Q. That's what your [sic] doing now?
Q. Did he tell you to say anything that you are not saying now?
Q. Did he tell you to say anything that was not part of your case?
MR. SAGEL: Judge, may I interrupt and --
THE COURT: Never interrupt the court. Sit down.
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MR. SAGEL: I respectfully --
THE COURT: Sit down.
MR. SAGEL: I respectfully object, Sir.
THE COURT: I said to you to sit down.
MR. SAGEL: I must object --
THE COURT: Sheriff, take him into custody. We'll stand in recess, members of the jury.
(Recessed at 3:15 P.M.)*fn1
After the jury returned to the courtroom, appellant's counsel requested and was granted a sidebar conference
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with the court. Thereafter, the court excused the jury for the remainder of the day. The trial resumed the next day.
At the outset, it must be made clear that our concern here is not whether the conduct of the attorney justified the adjudication of contempt. We are called upon to determine whether the impact of this incident was prejudicial to appellant's case; and if so, was he denied, as a result, a fair trial. The jury in this case witnessed the attorney for appellant being admonished by the court and being ordered into the custody of the sheriff. The significance of this incident is highlighted because of the unique position the trial judge holds.
Regardless of who was at fault, any display of partiality or prejudice on the part of the trial judge, for or against a party, or an attorney must necessarily tend to influence the jury. The trial judge is the person to whom the jurors look for guidance and in whom they expect and have a right to find an impartial attitude. Any indication that the judge condemns the language or conduct of one of the parties or his counsel is usually reflected in the jury box. Our Constitution gives to anyone charged with violation of the law, the right to be heard by himself and counsel. While attorneys are expected to maintain a respectful attitude towards the court, the latter should be equally careful to treat counsel with proper courtesy and avoid every appearance of prejudice which might incline to influence the jury.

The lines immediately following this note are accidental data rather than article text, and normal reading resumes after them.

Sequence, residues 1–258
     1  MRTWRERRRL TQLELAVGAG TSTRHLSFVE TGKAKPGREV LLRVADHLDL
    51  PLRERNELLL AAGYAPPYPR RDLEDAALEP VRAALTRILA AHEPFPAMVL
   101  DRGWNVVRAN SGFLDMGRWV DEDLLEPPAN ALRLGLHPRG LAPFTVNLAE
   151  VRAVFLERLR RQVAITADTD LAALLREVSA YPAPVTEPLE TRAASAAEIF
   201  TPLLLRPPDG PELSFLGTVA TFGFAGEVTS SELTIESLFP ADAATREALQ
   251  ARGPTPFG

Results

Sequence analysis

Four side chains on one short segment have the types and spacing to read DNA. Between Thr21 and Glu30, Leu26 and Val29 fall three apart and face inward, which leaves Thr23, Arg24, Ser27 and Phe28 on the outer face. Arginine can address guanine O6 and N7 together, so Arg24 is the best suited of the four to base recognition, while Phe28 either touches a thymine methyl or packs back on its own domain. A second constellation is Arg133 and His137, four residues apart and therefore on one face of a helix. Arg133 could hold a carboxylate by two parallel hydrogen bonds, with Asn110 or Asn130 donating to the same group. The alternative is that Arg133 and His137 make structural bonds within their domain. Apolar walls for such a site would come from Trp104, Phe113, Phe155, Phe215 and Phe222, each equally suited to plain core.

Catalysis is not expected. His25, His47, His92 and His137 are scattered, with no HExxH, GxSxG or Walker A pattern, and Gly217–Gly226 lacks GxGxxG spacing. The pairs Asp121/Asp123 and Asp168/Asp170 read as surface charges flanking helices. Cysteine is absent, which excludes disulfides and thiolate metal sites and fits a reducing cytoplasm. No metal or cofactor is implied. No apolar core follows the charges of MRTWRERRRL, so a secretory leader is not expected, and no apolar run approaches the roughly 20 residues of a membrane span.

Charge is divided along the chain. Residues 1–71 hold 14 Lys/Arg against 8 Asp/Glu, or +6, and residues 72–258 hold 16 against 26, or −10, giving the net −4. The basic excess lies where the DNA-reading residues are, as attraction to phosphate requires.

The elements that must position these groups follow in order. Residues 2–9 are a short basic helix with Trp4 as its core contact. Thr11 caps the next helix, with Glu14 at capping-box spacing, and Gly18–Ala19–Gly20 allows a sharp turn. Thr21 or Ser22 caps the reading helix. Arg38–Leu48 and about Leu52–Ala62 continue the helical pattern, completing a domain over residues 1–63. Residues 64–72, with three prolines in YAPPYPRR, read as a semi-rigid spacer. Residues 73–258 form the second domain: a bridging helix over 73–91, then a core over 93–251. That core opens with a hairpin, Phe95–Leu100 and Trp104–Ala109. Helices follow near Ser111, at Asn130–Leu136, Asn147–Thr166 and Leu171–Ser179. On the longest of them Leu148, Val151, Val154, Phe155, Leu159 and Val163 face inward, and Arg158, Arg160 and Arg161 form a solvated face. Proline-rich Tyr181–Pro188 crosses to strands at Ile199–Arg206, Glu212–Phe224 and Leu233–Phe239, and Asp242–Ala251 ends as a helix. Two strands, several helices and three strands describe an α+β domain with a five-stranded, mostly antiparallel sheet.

Commonwealth v. Stallone, 281 Pa. 41, 43-44, 126 A.2d 56, 57 (1924).
In this case, we are provided with circumstances that do more than merely give rise to an inference of partiality of the trial judge against defense counsel. To laypersons, inexperienced in the operation of trial procedures, the event in question was undoubtedly a memorable one. It was a situation likely to leave an indelible impression upon the viewers. The severity of the court's responses would suggest to the uninitiated that counsel's conduct represented a grave departure from the conduct expected of one in his
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position. There was a reasonable probability the incident may have distracted the jury from an objective appraisal of those legitimate issues presented on the question of guilt or innocence.
Discord between the trial court and defense counsel is also likely to affect the client's cause. The client's position may be deemed less worthy in the eyes of the jury, by their translating the court's displeasure as an indication of the lack of substance in the client's cause. The fact that counsel is perceived by the jury as having engaged in some serious misbehavior may suggest to the jury that he was forced to resort to such behavior because of the hopelessness of his client's case. The lack of respect for counsel, which may well have been engendered, would necessarily diminish his effectiveness as a persuasive advocate of his client's positions.
Where a prejudicial incident occurs during a trial which reflects unfavorably upon the defendant, it then must be determined whether it is of such manner or substance as may reasonably be said to have deprived the defendant of a fair and impartial verdict. See Commonwealth v. Goosby, 450 Pa. 609, 301 A.2d 673 (1973); Commonwealth v. Phillips, 183 Pa. Super. 377, 132 A.2d 733 (1957).
It must be determined from all the circumstances whether a remark has a prejudicial effect; there is no fixed rule applicable in every case. An accepted guide in determining prejudicial effect is that, if the remark may be said with fair assurance to have had but a slight effect upon the jury, if any at all, and one is not left in doubt that it had no substantial influence in the case, it will not vitiate the otherwise fair trial.
Commonwealth v. Phillips, supra 183 Pa. Super. at 382, 132 A.2d at 736 (1957).
This highly provocative event can obviously not be dismissed as being of no significance. Even if counsel's conduct is viewed as justifying the court's action, his client does not deserve to suffer. Since we cannot say that this event did not unfavorably affect appellant's cause and improperly
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influence an adverse decision in this case, we are constrained to hold that the judgments of sentence must be reversed and a new trial awarded.
It is so ordered.
LARSEN, Justice, dissenting.
I dissent; a judge's proper efforts to maintain order in the courtroom cannot be a basis for awarding a new trial. I would therefore affirm the judgment of sentence.